After you write your proposal, create a table of contents.
Research the Guidelines Check the station's website or ask the program director to provide you with a new program proposal form and the pitch guidelines. Typically, the form will include sections for details about your desired time slot; the hosts, engineers and support staff with whom you plan to work; the show's focus; and resources you'll need from the station to produce the show.
Find out whether there's a deadline for proposals and whether you'll need to attend training. Ask whether you must participate in a production, engineering or administrative role before you're allowed to propose a show, as is the case in many community stations.
Do Your Homework Deliver a solid proposal based on strong research. Read over the station's mission statement and its "About Us" web page to get a feel for the types of programming produced there. Network with other DJs or program hosts at the station and ask to see their program proposals or to get tips for success.
Every station manager or program director has differing wants or needs, and your proposed program should aim to fill a gap, cover something new or fit into the station's niche.
If the station doesn't have its own proposal form, check out the forms or pitches from other stations, as they can give you a very good idea of how to structure your proposal.
Elements of a Good Proposal Start out with the title of the show at the top of the page, followed by a "tag line" -- the one-liner that you'd use to describe your show.
Use bullet points to lay out the show details, including its concept; the intended audience and why the show matters to that audience; the length of the show; and a proposed time slot. Outline the structure of the show. For example, describe how you'll start with guest questions, then move into an expert interview, then end with host commentary.
Provide background information about you and your team members, and describe radio or broadcasting experience you have. Include a few ideas for show topics and list details of people you'd interview or feature on the show.
Record a Sample Show If you're experienced in radio, make a demo reel of your best interviews or music compilations. Provide that reel to the station manager or program director to show what you're capable of.
If you're new to radio and don't have much in the way of a reel, create a sample show. Record interviews using a small hand-held recorder or smartphone, then use audio editing software, which sometimes come standard on your computer, to put together an intro.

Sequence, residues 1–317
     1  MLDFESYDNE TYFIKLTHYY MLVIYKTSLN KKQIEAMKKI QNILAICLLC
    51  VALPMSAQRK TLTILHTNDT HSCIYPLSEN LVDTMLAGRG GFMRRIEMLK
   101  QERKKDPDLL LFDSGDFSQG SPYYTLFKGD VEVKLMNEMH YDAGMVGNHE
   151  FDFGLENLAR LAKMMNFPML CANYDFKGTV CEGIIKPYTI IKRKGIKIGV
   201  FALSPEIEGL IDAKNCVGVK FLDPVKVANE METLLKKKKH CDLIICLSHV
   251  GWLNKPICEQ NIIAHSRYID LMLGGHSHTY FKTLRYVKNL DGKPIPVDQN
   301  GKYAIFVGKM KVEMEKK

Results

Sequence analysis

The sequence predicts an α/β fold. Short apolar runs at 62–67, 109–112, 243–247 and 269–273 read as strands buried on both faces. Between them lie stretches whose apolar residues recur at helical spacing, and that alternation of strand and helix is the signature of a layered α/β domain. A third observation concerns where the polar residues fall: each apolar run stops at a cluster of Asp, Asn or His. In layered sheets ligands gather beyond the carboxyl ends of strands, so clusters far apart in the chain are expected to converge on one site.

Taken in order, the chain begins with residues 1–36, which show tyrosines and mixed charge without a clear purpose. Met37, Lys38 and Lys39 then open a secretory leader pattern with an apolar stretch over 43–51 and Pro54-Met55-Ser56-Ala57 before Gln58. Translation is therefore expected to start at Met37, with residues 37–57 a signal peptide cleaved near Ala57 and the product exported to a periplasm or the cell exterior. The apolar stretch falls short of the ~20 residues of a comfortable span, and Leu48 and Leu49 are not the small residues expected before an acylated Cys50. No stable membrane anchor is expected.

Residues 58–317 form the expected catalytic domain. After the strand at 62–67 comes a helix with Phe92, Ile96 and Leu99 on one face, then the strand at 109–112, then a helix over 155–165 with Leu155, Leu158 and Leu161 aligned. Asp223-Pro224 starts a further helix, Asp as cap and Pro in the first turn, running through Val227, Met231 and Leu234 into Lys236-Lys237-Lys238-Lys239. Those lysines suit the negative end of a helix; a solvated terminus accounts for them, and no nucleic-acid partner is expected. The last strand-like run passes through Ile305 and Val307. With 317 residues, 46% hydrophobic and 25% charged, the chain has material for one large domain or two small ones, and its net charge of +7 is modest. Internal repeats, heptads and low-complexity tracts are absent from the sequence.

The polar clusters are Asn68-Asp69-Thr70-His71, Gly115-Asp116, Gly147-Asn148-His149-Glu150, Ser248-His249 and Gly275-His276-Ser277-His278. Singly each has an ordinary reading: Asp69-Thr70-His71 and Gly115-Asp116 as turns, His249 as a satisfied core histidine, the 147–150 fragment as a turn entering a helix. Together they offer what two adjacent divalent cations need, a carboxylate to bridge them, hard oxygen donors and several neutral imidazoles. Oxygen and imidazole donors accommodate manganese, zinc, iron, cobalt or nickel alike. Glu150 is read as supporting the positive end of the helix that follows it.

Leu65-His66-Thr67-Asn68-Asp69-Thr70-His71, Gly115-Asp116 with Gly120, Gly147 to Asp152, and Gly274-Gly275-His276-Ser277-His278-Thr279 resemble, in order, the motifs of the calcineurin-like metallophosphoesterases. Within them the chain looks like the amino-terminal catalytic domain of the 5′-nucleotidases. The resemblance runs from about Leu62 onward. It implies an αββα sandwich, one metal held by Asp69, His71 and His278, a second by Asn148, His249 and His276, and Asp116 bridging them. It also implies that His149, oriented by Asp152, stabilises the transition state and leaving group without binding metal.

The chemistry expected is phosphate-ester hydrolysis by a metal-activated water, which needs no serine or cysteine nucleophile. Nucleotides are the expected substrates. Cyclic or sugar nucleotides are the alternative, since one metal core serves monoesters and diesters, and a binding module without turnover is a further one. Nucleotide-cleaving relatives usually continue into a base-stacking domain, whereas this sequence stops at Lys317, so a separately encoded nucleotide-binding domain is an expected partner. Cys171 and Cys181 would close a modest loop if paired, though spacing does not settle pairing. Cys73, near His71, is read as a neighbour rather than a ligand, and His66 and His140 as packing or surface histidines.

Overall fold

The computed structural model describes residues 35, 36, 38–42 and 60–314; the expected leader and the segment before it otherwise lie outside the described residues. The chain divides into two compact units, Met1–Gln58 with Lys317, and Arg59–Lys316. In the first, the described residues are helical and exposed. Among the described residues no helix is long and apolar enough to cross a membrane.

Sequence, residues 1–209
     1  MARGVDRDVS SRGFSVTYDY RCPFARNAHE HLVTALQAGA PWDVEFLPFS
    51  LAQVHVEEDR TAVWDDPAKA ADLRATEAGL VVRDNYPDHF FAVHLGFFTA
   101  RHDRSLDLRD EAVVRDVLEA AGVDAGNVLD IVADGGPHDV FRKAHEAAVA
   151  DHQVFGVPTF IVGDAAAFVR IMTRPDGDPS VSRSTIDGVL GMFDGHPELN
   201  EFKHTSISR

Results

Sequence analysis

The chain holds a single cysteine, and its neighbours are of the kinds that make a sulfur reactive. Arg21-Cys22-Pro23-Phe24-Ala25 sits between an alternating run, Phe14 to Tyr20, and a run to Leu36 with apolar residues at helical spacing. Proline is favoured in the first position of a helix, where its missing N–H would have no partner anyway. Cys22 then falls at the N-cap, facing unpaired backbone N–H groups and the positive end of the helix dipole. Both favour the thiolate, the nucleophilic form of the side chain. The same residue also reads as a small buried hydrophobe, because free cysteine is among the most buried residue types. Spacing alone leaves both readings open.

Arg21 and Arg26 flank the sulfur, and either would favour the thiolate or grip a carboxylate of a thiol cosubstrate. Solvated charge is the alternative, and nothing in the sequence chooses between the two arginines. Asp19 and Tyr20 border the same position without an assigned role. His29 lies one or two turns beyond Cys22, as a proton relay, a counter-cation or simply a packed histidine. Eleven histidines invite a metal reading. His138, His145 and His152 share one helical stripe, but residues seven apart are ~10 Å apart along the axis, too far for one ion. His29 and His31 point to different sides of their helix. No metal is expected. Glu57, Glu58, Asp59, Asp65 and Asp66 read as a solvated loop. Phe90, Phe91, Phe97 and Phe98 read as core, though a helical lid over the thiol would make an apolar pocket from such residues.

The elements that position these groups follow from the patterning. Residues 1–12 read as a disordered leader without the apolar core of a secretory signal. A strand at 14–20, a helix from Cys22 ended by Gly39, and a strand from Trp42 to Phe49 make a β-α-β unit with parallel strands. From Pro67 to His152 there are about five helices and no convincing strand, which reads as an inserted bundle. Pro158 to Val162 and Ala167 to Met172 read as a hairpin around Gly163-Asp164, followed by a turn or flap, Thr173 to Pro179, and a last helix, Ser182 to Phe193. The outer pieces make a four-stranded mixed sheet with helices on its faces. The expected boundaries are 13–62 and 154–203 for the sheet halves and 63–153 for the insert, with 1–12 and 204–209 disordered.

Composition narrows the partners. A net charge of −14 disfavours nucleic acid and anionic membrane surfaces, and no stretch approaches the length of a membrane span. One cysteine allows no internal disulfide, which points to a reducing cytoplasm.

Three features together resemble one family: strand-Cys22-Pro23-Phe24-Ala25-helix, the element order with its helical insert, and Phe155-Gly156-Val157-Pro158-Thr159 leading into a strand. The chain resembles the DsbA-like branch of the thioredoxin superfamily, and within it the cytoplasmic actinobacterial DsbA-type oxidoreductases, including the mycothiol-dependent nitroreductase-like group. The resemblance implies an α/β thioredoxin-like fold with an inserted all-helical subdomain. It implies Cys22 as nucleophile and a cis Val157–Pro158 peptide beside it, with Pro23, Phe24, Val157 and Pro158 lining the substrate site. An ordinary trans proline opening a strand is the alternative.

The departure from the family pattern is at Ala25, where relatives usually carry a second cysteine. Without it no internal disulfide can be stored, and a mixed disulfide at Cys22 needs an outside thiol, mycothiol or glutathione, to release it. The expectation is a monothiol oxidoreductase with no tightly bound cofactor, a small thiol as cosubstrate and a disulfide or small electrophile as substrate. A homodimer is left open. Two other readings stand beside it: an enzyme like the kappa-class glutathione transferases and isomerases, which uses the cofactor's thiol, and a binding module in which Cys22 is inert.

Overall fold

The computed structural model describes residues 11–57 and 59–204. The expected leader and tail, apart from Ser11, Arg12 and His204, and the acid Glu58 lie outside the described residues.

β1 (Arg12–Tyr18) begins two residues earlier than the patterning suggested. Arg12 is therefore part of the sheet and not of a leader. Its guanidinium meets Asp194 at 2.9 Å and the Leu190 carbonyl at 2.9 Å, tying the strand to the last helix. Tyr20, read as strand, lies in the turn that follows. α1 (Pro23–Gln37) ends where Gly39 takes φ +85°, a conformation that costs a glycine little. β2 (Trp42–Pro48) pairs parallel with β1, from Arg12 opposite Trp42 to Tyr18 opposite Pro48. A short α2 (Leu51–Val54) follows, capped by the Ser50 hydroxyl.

Also include "linkings" -- the talk between songs and interviews; an outtro; and other features you'd want to go into your show. At some community radio stations, you might even be able to use the station recording and editing software to prepare your show sample.
Cite this Article A tool to create a citation to reference this article Cite this Article.Nov 11, · How to Write a Proposal In this Article: Article Summary Sample Proposals Planning Your Proposal Writing Your Own Proposal Community Q&A Writing a good proposal is a critical skill in many occupations, from school to business management to geology%().
But we welcome unique proposals that are exceptions to this rule: for example, we would welcome a daily-produced 5-minute “cultural calendar” to be run a few times each day. Programming candidates should plan ahead.
Writing a proposal for a radio show is much like writing any other proposal. It should include the offer, terms and benefits to the client company. Go. To write a radio program proposal, a write up of the program mustbe given, including what the show will be about. A CD sample shouldalso be included. I am working on a writing a radio proposal for developing a Spanish-English radio program.. However, I am also looking for radio writing proposal suggestions. If u have any, please let me know. Individuals proposing a program should understand WHYR’s programming prospectus, program grid, and understand how their program fits into the mission of the community radio station. Shows are typically 30 minutes, 1 hour, or 2 hours in length, and are typically run once-a-week.
There are 52 weeks in a year. Hosting a radio program requires a lot of work and much preparation.
To write a program proposal, you’ll first need to discover and meet the specific criteria from the educational establishment where the program is set to operate. Facts along with intangible qualities that show passion for your work should be included.
if not, then you should be looking at writing proposals to possible corporate sponsors, and not the radio station itself. i doubt that any radio station can give you free airtime for any program, when they have people in-house that can get the job done.
Grant Writing Courses Proposal Writing Short Course (The Foundation Center) Basic Elements of Grants Writing (Corporation for Public Broadcasting) Getting Started: The Concept Paper. The most universal advice on writing a successful grant proposal is to present a well written, focused solution to a problem in a logical progression.
This radio advertising proposal sample is from a local FM station called KRLM, soliciting a possible contract with a car dealership. The dealership has already expressed interest in a radio advertisement. This proposal will be more about having a written description of .